The George Washington University
Engineering Management & Systems Engineering Department (EMSE)
Environmental & Energy Management Program (E&EM)
Spring 2001 (Volume 2, Number 1)

E&EM Doctoral Students Defend Dissertation Research on Fuel Cell Cogeneration and Environmental Impact Assessment




Andreas Deppe, an Energy Systems Specialist with Hagler Baillee, Inc., defended his doctoral research on “Analysis and Simulation of a Residential Fuel Cell Cogeneration Market” on May 31, 2001.
 
Andreas Deppe makes a point during his final doctoral research defense

Andreas’ research work was based on recognition that heat and electrical power of residential units currently are generated separately (power is generated at large power stations at remote locations, with generated heat considered to be an unavoidable by product).  Rapidly evolving technologies in the area of fuel cell cogeneration systems offer the promise of reducing waste heat thus increasing fuel efficiency. 
 
Professors Richard Cothern, Mark Starik and Richard Scotti at the final defense of Andreas Deppe

Since each of these systems would use 15% less carbon dioxide than gas furnaces using power purchased for the electric grid, the hypothesis, if true, could lead to a substantial contribution to society’s efforts to reduce greenhouse gases.  Andreas used a combination of Monte Carlo simulation, a mathematical cognitive model and a design optimization model to test the hypothesis that an annual market of 50,000 fuel cell cogeneration units will exist in new England by the year 2010.  Key variables in Andreas' model included net metering, interconnection requirements, and power and natural gas price trends.
 
(L-r): Professor Jack Harrald, Department of Engineering Management and Systems Engineering; Adjunct Professor Richard Cothern, former Executive Secretary, Science Advisory Board, U.S. Environmental Protection Agency; and Associate Professor Mark Starik, Director of the Center for Environmental Policy and Sustainability Management, School of Business and Public Administration; were members of the five-member examining committee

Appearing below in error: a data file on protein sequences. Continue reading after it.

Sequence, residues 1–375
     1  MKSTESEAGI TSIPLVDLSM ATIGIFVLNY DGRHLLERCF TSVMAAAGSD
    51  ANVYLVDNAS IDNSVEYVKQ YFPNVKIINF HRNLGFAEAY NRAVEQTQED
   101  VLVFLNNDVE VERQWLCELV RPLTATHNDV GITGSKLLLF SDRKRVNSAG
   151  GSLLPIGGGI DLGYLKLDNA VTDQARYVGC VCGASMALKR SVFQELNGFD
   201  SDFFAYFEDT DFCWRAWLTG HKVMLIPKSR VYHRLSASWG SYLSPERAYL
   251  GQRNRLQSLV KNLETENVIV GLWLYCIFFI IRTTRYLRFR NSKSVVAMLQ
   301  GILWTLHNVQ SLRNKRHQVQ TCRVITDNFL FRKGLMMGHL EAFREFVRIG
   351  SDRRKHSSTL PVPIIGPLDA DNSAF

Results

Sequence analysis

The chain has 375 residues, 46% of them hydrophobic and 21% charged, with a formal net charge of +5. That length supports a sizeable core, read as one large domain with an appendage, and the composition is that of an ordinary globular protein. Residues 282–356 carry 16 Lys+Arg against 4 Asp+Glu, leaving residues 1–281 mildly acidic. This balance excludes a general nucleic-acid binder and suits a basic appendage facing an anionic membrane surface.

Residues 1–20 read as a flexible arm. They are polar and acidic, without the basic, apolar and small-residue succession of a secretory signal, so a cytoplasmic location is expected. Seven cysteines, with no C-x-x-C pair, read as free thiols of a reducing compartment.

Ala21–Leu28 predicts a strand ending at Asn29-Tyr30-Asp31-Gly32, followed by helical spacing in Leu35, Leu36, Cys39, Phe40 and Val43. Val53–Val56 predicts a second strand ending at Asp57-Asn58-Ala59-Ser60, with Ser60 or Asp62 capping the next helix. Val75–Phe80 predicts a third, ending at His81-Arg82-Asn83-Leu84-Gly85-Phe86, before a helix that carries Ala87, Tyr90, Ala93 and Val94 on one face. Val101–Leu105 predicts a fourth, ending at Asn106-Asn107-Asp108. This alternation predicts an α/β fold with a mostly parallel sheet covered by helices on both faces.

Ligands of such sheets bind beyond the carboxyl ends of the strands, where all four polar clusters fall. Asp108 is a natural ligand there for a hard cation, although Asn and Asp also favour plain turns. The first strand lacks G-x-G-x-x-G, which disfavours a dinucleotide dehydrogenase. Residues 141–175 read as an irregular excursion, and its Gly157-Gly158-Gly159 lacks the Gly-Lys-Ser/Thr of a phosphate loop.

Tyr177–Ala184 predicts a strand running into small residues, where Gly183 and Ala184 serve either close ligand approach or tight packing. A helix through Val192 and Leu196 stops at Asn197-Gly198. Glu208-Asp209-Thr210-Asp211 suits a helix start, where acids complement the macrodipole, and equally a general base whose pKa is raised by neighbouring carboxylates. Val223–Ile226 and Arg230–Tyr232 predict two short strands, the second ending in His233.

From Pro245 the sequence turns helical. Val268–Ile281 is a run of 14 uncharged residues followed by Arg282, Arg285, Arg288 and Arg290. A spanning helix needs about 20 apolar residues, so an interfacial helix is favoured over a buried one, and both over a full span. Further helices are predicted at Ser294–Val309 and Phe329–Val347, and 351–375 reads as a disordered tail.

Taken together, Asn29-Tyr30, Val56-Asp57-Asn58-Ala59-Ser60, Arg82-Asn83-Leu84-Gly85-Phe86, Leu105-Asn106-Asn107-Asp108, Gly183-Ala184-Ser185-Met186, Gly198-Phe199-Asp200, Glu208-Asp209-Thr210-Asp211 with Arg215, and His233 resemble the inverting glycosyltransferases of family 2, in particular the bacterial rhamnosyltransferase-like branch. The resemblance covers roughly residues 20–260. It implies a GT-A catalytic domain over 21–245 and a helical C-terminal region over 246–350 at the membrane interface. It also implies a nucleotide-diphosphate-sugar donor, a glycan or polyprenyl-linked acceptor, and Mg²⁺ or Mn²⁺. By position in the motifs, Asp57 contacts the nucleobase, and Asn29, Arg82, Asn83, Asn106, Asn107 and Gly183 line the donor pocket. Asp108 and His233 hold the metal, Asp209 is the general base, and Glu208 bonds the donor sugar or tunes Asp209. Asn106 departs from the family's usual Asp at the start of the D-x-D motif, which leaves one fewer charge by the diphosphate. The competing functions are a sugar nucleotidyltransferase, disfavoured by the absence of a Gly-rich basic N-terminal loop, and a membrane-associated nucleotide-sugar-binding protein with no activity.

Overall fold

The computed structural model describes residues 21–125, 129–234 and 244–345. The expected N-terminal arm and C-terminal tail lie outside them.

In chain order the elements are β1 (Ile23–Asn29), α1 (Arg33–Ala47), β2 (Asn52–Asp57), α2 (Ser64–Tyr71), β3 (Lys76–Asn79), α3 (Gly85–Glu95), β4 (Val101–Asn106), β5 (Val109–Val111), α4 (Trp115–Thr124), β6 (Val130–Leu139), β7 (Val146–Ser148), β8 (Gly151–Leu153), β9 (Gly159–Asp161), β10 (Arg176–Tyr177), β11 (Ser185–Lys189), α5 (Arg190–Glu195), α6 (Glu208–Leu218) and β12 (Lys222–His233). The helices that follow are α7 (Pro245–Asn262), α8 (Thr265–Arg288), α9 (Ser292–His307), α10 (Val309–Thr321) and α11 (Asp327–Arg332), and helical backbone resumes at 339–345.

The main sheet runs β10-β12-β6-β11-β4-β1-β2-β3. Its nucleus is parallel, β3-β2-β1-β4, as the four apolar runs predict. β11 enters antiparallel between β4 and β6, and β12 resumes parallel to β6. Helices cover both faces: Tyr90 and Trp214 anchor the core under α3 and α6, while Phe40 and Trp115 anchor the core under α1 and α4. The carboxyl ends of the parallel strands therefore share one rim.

Andreas' work could help to open up a new market for fuel cell cogeneration units estimated to be as high as $3.5 billion annually in the United States alone.  Not only would this create new economic opportunities, it also could help enable our society to conserve fossil fuel resources and help address the very important problem of global climate change.

Virginia Alzina, Environmental Specialist at the Inter-American Development Bank (IDB), defended her doctoral research on “Environmental Impact Assessment Systems In Developing Countries: A Study of Success and Failure in Latin America and the Caribbean” on March 12, 2001.

In her research, Virginia developed a baseline for comparing EIA systems through a literature review of existing EIA systems in 26 Latin American and Caribbean countries, to compile the elements necessary for an effective EIA system in that region, and to conduct primary research involving a comparative analysis of data to be gathered with the involvement of 260 in-country EIA experts. 
 
 
E&EM students and faculty observe final dissertation defense

Virginia's cross-country analysis of the Latin America and the Caribbean  Region (LAC) examined the institutional and procedural aspects of EIA practice, evaluated its impact on environmental quality and management, and assessed the requirements to strengthen institutional capacity in the public and private sectors. The results showed that a diversity of methodologies in the environmental analysis, and different systematic expressions of the process in the countries, have generated a series of individualized EIA systems adjusted to the realities of each country. 
 
Virginia Alzina defends her research work to an audience of doctoral examiners and GW colleagues

Growing regional integration makes it a priority to seek greater harmonization of the EIA systems, principles, and procedures on a regional basis.  Virginia's study revealed that the institutional foundations of EIA, its laws, principles and administrative procedures are reasonably well established in most of the countries of the LAC Region, reflecting the fact that recent steps have been taken toward strengthening many national EIA systems. 

However, she found that not all the EIA systems perform equally well, and certain shortcomings become more evident when they are seen in the overall context. She analyzed the main problems with the current systems and used her cross country analysis to draw policy recommendations to improve them in several areas, including building necessary preconditions, institutionalization and political will, citizen participation and administrative procedures.


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Jonathan P. Deason, Ph.D., Lead Professor